City in a Glass: San Antonio, Texas

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Thirsty? You’re in luck. In Paste’s drinking-and-traveling series, City in a Glass, we mix up a city’s signature swills and slide them down the bar to readers. Grab a stool. This round is on us.


San Antonio

is kind of like the Orlando of Texas. The family-friendly city has all of those daytime activities kids love: exploring history at The Alamo, listening to mariachi bands and shopping on the River Walk and maybe even catching a Spurs game. That’s all great, but this G-rated reputation often overshadows San Antonio’s sophisticated drinking, dining and nightlife scenes.

So on this city drinks tour, we’re going to introduce you to a few only-in-San-Antonio swills that even a notorious local rabble-rouser like Davy Crockett could get behind. Here are the cocktail bars where you can find them and even how to replicate them at home—but we’d recommend experiencing the former, because as Crockett once said, “You may all go to hell, and I will go to Texas.”

1. El Grito de San Anto

Where to order: Esquire Tavern

Photo by Kody Melton

Founded in 1933, Esquire Tavern is a surprisingly serious cocktail sanctuary located right on the River Walk. “San Antonio’s very distinct culture and personality are absolutely present in the style of cocktails we like to drink,” beverage director Houston Eaves says. “That’s to say San Antonio is heavily Mexican-American and of Latin descent and we’re a thirsty bunch. We love to take the time to celebrate at any opportunity. This translates to a lot of tequila, mezcal and rum being drunk in copious quantities, sometimes in lighter, more refreshing cocktails and oftentimes neat or in stirred boozy cocktails.”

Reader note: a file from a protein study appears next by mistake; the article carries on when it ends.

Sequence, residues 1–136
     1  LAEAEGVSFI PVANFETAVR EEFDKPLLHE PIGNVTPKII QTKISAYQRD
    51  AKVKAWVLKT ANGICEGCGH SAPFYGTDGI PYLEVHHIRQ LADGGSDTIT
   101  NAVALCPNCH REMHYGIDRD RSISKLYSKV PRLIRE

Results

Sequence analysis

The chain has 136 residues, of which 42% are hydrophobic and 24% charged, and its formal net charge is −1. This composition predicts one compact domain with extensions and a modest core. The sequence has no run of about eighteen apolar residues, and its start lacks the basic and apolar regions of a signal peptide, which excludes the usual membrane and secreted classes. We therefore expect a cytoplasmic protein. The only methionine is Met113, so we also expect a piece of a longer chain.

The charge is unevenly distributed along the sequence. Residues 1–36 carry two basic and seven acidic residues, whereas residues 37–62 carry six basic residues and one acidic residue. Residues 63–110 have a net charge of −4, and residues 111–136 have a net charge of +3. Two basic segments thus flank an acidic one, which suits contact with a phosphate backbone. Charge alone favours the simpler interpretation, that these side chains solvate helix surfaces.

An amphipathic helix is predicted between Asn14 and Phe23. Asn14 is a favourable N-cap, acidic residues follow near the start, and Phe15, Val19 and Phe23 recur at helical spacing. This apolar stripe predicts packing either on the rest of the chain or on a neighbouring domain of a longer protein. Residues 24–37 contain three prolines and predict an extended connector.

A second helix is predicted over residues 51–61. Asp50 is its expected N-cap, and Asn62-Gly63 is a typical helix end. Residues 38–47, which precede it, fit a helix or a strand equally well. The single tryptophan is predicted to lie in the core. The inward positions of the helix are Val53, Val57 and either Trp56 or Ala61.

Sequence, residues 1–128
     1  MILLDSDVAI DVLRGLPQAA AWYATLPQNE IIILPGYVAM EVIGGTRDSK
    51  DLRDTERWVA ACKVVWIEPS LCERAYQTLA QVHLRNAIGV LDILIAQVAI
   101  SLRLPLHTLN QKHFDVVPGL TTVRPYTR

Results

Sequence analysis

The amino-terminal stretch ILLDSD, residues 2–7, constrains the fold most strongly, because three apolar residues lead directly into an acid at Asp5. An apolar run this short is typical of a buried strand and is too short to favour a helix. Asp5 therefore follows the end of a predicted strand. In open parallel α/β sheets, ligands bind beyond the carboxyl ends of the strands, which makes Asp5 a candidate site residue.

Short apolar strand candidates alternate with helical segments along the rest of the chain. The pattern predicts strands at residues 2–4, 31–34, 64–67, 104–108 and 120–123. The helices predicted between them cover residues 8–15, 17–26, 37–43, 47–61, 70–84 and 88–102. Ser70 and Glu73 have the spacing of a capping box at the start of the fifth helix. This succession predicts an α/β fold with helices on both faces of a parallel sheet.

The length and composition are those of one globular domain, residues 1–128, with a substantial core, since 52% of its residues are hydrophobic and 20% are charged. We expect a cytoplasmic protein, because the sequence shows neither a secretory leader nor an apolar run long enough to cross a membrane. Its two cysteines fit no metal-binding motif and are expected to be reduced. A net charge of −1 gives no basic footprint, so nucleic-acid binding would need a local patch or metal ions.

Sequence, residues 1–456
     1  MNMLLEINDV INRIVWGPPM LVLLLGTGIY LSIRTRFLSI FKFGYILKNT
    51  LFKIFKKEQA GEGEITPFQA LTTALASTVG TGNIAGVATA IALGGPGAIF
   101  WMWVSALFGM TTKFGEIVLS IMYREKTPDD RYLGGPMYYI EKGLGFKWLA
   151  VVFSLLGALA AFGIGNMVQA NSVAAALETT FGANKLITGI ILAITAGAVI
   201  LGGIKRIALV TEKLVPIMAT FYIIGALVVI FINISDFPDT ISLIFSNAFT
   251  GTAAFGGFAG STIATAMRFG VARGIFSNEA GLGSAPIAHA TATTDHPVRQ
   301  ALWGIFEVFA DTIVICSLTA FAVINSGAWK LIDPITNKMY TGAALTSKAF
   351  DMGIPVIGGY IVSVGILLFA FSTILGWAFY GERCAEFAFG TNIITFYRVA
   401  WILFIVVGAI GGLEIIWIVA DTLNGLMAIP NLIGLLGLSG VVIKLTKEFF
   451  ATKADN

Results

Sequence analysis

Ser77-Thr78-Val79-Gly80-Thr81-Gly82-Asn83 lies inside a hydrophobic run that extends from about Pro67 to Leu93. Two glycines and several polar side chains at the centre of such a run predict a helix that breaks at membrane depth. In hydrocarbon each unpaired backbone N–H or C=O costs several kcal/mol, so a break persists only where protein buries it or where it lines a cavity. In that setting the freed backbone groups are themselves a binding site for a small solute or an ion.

One of his favorite Esquire Tavern creations is El Grito de San Anto, a cocktail named in honor of the Mexican outburst known as grito. “Grito de Dolores is something all Mexicans and Mexican-Americans know well,” says Eaves, who often gets into late-night “best grito” shouting competitions with friends. This particular grito, the Cry of Dolores, was the rallying cry that started the Mexican War of Independence from France on September 16, 1810. “El Grito de San Anto is a rally cry for San Antonio to unite our beautiful city and culture over a cocktail.” The drink is made of dark rum, ango (a bitter liqueur), Texas grapefruit juice, lime juice and simple syrup. “It’s meant to be a fun, accessible drink for our guests with a wink to the San Antonio bar community and its propensity to enjoy these products en masse,” he says. “As bartenders, sometimes we like to drink daiquiris and sometimes we like to drink ango. This tropical, bitter daiquiri will make you howl.”

El Grito de San Anto

1 oz. Plantation Stiggins’ Fancy pineapple dark rum
¾ oz. Amaro di Angostura liqueur
¾ oz. fresh Rio Star grapefruit juice
¼ oz. fresh lime juice
¼ oz. simple syrup (2 parts sugar: 1 part water)
Lime wheel, for garnish

Combine all ingredients in a cocktail shaker. Shake. Double strain into a chilled double Old Fashioned glass. Squeeze grapefruit peel (express oil) over glass. Discard peel. Garnish with a lime wheel. 


2. Sherry Thomas

Where to order: The Brooklynite